The GOP can complain about “burdensome” new Affordable Care Act regulations and standards, but it’s going to be hard to ignore the fact that some of these requirements are actually quite similar to a law signed by former governor and current 2012 presidential contender Jon Huntsman. Consider this admission from the head of Utah’s exchange, which was enacted as a result of Huntsman’s 2007 health reforms:
“We’ve already accomplished a lot that is required by the health law. If the law goes into effect and all the court cases have been heard, and we’re required to put those actions in place, we will certainly do that. We have moved through each phase of our process knowing that we would most likely have to do that. And a lot of what we want for Utah isn’t necessarily unlike what the federal requirements are, so we won’t likely have to unplug a lot of this.”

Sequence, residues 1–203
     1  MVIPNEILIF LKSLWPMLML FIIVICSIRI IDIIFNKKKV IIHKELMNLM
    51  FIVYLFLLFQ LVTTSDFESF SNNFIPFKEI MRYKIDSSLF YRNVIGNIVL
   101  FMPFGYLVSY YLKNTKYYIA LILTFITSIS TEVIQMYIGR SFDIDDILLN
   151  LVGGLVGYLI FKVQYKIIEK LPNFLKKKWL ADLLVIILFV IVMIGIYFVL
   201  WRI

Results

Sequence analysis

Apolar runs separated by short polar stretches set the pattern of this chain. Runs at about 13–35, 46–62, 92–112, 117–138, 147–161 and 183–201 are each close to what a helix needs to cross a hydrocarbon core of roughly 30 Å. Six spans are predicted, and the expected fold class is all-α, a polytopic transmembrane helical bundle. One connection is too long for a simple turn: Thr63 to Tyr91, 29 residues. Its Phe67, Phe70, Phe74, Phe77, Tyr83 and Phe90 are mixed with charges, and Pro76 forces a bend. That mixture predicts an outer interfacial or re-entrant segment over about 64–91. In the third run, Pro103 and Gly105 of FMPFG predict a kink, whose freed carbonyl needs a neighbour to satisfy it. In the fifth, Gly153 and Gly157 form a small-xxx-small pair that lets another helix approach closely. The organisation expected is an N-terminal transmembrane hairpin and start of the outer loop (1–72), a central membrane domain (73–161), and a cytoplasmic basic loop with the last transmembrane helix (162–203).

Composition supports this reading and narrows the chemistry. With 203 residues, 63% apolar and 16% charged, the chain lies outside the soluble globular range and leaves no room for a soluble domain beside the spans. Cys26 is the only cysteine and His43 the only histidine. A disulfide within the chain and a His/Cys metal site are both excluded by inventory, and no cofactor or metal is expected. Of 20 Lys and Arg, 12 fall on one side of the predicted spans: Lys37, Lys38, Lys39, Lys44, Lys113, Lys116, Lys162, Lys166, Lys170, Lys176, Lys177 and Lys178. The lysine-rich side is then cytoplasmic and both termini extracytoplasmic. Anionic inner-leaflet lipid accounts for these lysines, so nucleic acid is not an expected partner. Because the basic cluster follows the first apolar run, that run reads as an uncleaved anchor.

Many of the ACA rules surrounding exchange structure and minimum benefits requirements are still being drafted, but if the administration’s early statements are any indication, they will likely allow states like Utah — one of only two to already operate an exchange — to continue running the program with minimal changes. In other words, the administration is likely to err on the side of less federal regulation, heeding Jon Kingsdale’s advise. Kingsdale, who ran the Massachusetts exchanges, made the following recommendation at a recent Institute of Medicine panel: “My experience suggests revisiting and learning from cases and some flexibility and even phasing in would all be very helpful as you go down the path of defining a minimum benefit that will be extremely controversial,” he said. And if that’s the case, Utah will find itself already in compliance with many of the ACA’s new rues and the GOP argument that health reform represents some kind of big government overreach will look silly in the face of red state Utah’s similar model.